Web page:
In addition to believing that the improvement in the untouchables position could come in the form of reform and protection from the upper classes, Gandhi also believed that the issue of the untouchables brought forward by Ambedkar was a political ploy aimed at dividing the Indian people which consequently made him very skeptical of Ambedkar. He claimed himself to be the only fit leader to represent the untouchables due to the simplistic living experience he had adopted similar to that of the untouchables which, according to him, reduced Ambedkar’s credibility as their representative. Ambedkar, naturally, was very dismissive of this view as he believed Gandhi’s methods could not be of any help to the untouchables as he did not want to establish their departure from the institution within which they were struggling. Thereby, this highlights the contrast between Ambedkar and Gandhi’s question of caste and its politics.

Moreover, Gandhi’s view towards the untouchables made them appear as passive agents in their struggle for equality. He believed they were to be educated and improve their standard of living but they themselves, were not to protest and go on strikes to break the taboos attached to their cast. He did not want the Dalits showing resistance as that could lead to several changes in the Indian society and this alarmed Gandhi due to his orthodox view point that wanted to maintain the status quo. Gandhi’s major aim was that the upper castes work to remove the ‘untouchability’ aspect associated with the Dalits and therefore he set up the All India Anti-untouchability league in 1932 and replaced the word untouchables with Harijan as a way of removing the taboos associated with the term and the oppression it brought with it. In addition, He started performing tasks traditionally assigned to the Dalits to symbolically establish dignity of labor done by the newly named Harijan. He also launched a massive campaign to remove untouchability known as the ‘Untouchability Abolition Week,’ where he toured around India highlighting and promoting the interests of the untouchables. Hence, this shows that Gandhi, too, was passionate about the caste issue in India. He, too, wanted to eradicate the oppression associated with the untouchables but he had a more orthodox outlook to it that maintained the status quo and did not want to disrupt the order in the Indian society compared to Ambedkar’s who had a more modern perspective that wanted to demolish the caste system as a whole. However, both of them were radical in what they wanted to achieve as they set up organizations and took upon tasks to do so.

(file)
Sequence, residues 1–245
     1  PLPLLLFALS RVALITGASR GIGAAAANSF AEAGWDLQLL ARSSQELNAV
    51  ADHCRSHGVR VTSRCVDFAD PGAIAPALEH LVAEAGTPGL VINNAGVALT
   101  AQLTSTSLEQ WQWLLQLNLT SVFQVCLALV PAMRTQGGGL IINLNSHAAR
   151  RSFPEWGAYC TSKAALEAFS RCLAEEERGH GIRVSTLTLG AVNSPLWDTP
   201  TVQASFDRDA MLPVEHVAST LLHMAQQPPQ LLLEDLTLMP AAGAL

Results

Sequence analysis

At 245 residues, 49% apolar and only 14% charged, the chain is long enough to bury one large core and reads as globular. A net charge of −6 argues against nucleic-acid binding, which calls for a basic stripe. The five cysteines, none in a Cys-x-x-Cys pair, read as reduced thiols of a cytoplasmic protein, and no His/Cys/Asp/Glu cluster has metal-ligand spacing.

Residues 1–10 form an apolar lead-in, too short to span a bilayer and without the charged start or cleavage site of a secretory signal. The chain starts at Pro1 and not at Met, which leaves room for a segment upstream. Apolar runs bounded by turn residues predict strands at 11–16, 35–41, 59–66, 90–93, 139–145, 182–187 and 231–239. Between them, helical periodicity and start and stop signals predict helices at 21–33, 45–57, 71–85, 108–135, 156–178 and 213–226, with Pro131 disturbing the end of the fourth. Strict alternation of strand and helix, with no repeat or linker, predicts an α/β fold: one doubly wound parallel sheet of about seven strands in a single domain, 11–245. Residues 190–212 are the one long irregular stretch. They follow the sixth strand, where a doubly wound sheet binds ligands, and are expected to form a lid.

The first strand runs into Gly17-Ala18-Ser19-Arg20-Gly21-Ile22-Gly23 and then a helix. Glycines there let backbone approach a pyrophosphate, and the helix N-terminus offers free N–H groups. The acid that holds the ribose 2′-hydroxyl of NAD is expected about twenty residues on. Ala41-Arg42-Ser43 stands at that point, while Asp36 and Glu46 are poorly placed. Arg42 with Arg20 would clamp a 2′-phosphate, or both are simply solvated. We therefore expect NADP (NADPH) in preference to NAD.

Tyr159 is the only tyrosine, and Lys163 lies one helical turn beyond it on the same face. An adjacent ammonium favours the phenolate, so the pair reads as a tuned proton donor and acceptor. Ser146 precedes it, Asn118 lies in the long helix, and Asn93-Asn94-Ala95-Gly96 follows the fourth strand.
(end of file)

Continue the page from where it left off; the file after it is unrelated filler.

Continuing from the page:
In conclusion, Gandhi and Ambedkar both wanted to work to improve the position the Dalits held in the Indian society. However, how they intended to achieve this improvement in their position was vastly different despite that they both achieved it radically in their own way. Gandhi did not want to disrupt order while working to improve the positions of the Dalits whereas Ambedkar saw this in a very nuanced manner insisting on overthrowing the system and disrupting the existing order that was a source of oppression for the untouchables.


  • Banarjee, I. (2014). A History of Modern India (pp. 346-385). Cambridge: Cambridge University Press.
  • Singh, Aakash. “Gandhi and Ambedkar: Irreconcilable Differences?” International Journal of Hindu Studies, vol. 18, no. 3, 2014, pp. 413–449.,
07 July 2022
Your Email

By clicking “Send”, you agree to our Terms of service and  Privacy statement. We will occasionally send you account related emails.

close thanks-icon

Your essay sample has been sent.

Order now
Still can’t find what you need?

Order custom paper and save your time
for priority classes!

Order paper now